This Friday marks the 80th anniversary of the February 26th Incident, a coup staged by young military officers who hoped to spark a general uprising, but whose revolt was quashed on the orders of Emperor Hirohito.
The plotters were arrested and several were executed. Martial law was declared for three days, but it was all over by Feb. 29, 1936. Many of the 1,400 soldiers who participated in the coup were relatively new recruits and easily manipulated by the ringleaders who resented civilian control of the military, wanted to restore the Emperor to his proper place and purge the polity of corruption and capitalism.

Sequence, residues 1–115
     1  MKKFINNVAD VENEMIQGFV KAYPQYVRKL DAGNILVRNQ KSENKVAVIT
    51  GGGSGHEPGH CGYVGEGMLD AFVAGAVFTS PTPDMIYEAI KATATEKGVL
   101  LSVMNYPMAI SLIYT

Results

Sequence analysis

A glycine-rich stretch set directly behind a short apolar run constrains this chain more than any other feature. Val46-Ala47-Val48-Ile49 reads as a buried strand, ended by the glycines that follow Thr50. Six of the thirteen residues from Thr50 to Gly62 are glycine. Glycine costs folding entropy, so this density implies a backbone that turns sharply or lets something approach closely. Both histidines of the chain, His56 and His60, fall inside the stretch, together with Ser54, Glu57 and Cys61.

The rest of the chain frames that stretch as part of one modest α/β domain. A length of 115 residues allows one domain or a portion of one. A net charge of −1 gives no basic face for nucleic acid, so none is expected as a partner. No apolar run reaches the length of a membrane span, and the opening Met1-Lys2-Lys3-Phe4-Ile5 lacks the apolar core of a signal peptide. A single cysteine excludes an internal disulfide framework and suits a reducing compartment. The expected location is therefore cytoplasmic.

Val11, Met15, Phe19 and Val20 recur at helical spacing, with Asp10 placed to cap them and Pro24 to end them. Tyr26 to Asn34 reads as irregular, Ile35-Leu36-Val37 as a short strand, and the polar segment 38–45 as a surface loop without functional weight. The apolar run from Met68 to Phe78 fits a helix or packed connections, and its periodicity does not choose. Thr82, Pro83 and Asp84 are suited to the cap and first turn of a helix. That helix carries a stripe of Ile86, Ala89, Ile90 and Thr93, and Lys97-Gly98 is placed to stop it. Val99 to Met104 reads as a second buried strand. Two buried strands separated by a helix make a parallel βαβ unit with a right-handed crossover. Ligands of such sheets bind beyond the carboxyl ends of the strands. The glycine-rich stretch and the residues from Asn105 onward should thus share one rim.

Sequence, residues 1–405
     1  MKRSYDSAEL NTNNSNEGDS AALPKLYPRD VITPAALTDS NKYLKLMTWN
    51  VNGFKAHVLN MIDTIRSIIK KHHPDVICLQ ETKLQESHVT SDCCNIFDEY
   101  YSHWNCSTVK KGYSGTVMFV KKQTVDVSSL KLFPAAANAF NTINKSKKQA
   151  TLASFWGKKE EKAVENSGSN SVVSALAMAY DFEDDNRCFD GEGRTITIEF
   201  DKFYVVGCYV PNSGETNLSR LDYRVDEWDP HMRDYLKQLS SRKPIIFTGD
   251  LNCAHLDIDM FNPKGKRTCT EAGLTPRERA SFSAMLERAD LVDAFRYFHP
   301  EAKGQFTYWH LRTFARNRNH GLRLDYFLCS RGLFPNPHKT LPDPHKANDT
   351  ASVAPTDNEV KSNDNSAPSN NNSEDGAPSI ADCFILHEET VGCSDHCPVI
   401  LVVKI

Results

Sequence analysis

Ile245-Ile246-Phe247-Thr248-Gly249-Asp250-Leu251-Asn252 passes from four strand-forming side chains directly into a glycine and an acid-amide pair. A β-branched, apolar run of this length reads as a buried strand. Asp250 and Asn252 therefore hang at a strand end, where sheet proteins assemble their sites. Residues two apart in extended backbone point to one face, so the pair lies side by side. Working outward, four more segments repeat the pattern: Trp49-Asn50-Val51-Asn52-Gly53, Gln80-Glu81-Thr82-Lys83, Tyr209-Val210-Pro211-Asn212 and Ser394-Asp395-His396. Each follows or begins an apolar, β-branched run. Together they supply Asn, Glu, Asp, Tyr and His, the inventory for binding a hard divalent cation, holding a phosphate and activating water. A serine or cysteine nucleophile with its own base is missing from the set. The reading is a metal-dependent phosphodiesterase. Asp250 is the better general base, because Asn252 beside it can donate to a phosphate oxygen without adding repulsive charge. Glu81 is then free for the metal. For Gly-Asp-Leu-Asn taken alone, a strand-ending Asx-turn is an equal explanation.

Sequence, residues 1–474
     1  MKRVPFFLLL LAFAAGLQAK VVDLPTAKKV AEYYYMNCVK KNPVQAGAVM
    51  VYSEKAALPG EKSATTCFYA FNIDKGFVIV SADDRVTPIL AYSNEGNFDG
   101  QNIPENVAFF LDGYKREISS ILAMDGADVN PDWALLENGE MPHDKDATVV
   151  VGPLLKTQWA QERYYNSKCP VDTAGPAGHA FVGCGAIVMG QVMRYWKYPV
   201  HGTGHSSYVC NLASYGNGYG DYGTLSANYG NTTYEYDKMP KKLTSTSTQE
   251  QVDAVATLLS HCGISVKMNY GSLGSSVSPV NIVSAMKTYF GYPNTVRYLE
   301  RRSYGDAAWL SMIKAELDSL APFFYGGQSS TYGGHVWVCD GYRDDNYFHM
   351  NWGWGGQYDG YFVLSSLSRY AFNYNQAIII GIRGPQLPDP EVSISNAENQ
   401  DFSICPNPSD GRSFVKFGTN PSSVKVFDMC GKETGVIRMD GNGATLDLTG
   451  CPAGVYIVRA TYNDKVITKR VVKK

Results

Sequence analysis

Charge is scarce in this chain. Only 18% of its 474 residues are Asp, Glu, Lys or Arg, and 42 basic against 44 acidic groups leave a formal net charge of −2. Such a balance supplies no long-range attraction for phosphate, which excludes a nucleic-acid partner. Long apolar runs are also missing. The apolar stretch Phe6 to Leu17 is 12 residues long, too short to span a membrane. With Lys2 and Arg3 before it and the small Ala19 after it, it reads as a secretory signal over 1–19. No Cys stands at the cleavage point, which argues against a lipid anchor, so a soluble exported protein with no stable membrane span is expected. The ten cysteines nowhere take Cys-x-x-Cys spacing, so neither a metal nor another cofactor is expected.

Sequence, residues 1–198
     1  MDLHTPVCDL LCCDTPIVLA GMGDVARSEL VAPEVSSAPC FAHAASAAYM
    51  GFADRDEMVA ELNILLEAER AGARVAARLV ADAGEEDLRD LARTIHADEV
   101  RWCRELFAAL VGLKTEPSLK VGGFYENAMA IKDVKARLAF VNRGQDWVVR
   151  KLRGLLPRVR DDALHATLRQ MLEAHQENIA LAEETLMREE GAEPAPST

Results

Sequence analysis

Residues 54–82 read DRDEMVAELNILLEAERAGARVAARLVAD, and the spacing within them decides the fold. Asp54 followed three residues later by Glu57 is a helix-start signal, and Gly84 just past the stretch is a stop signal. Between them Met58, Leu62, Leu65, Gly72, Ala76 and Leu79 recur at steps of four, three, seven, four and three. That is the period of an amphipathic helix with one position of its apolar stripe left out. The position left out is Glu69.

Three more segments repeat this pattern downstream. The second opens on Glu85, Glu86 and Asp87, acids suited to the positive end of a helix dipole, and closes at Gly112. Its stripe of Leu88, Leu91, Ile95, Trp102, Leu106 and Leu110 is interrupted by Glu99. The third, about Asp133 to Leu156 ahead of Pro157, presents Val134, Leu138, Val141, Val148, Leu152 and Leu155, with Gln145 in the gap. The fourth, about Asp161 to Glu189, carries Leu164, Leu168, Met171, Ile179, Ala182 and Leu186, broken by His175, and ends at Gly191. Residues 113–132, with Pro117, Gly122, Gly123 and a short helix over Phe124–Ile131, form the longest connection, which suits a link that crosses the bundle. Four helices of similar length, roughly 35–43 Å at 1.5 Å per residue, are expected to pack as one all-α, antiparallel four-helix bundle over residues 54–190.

These fanatics were also angry about arms reduction treaties that intruded on the prerogatives of the military — most notably the 1930 London Naval Treaty — and felt that officers sympathetic to their aims were being sidelined and persecuted. In this context, pending budget cuts were literally a call to arms.